Back in New York, Martin and Joyce go to dinner with Dr. Holabird and his wife. Holabird announces that Martin is going to become the Assistant Director of the McGurk Institute, and that he'll become full Director when Holabird leaves, which will happen within the next few years.
Everyone at the dinner table is super excited except for Martin. He saw what being director did to Max Gottlieb and he doesn't want to go down the same path.
Afterward, Martin gets into a big fight with Joyce about whether he should take the job.
Early the next morning, Martin packs two suitcases, leaves a note, and takes off for Vermont to be with Terry. And the truth is that he lives there in total happiness, left with nothing to do but work.
Joyce sends him a note saying that if he ever plans on coming back, he'll have to be the one who begs forgiveness. She's too proud to come chasing after him. He never comes back (or even sends a letter), though.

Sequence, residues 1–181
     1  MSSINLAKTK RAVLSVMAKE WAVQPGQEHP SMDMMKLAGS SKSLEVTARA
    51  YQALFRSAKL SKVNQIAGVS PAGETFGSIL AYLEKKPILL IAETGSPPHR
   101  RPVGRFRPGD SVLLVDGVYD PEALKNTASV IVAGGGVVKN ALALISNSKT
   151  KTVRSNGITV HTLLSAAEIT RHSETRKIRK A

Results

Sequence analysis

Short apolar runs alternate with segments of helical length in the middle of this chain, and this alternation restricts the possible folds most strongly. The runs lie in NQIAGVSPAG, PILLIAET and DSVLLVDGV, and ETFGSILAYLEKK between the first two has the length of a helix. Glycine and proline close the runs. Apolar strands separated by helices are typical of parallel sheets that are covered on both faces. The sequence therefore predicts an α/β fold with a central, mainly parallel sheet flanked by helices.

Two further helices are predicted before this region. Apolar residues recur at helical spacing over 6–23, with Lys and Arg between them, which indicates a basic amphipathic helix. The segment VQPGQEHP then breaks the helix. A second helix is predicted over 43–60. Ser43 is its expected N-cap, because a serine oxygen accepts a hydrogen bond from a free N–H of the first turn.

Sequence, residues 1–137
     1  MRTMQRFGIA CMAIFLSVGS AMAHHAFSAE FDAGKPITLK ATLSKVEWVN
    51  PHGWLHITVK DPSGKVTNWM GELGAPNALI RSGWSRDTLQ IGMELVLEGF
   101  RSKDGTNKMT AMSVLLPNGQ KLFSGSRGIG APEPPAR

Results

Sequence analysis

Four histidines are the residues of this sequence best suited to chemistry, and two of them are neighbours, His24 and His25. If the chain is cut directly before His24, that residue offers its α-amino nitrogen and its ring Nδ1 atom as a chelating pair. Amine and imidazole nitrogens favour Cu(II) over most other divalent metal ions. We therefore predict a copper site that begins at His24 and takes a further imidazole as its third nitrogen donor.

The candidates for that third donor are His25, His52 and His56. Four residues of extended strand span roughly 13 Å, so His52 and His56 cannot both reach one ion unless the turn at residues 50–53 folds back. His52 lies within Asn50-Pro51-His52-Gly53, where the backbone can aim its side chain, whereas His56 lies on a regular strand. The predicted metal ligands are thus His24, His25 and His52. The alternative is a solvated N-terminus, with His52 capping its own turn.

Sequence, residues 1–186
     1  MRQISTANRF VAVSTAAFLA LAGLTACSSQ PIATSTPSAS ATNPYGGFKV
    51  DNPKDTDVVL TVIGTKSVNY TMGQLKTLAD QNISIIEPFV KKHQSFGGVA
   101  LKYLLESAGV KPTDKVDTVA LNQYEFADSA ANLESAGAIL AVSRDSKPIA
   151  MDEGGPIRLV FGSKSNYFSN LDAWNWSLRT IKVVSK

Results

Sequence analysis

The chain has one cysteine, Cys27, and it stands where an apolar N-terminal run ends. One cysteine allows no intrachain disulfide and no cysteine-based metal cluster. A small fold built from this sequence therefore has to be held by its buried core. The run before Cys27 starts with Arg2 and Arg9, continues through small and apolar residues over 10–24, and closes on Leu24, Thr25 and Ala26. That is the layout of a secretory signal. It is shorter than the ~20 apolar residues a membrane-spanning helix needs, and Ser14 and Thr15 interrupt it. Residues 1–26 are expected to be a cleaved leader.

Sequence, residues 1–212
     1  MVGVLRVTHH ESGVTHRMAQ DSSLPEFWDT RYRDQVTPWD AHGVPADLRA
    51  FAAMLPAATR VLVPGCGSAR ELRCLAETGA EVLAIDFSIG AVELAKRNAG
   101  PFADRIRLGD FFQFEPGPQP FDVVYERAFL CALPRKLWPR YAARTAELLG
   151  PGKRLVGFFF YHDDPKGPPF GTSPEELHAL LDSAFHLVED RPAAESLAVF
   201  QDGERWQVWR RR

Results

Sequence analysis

Eventually, Joyce caves and goes after him. He holds firm on his decision, no matter how much she tries to guilt him into coming back and taking care of their son. The truth is that Martin is a total fanatic by this point. He doesn't even like showering because it takes time away from his work.
The book closes with a short description of what all the characters in this book are doing.
Dr. Pickerbaugh is having dinner in Washington.
Max Gottlieb is muttering to himself in German in a lonely armchair.
Joyce is talking to a man named Latham about how the two of them can get married as soon as she divorces Martin.
Meanwhile, Martin is working with Terry on their experiments. He thinks that everything they've worked on for the past year might be a dead-end, but he doesn't care because he's truly happy.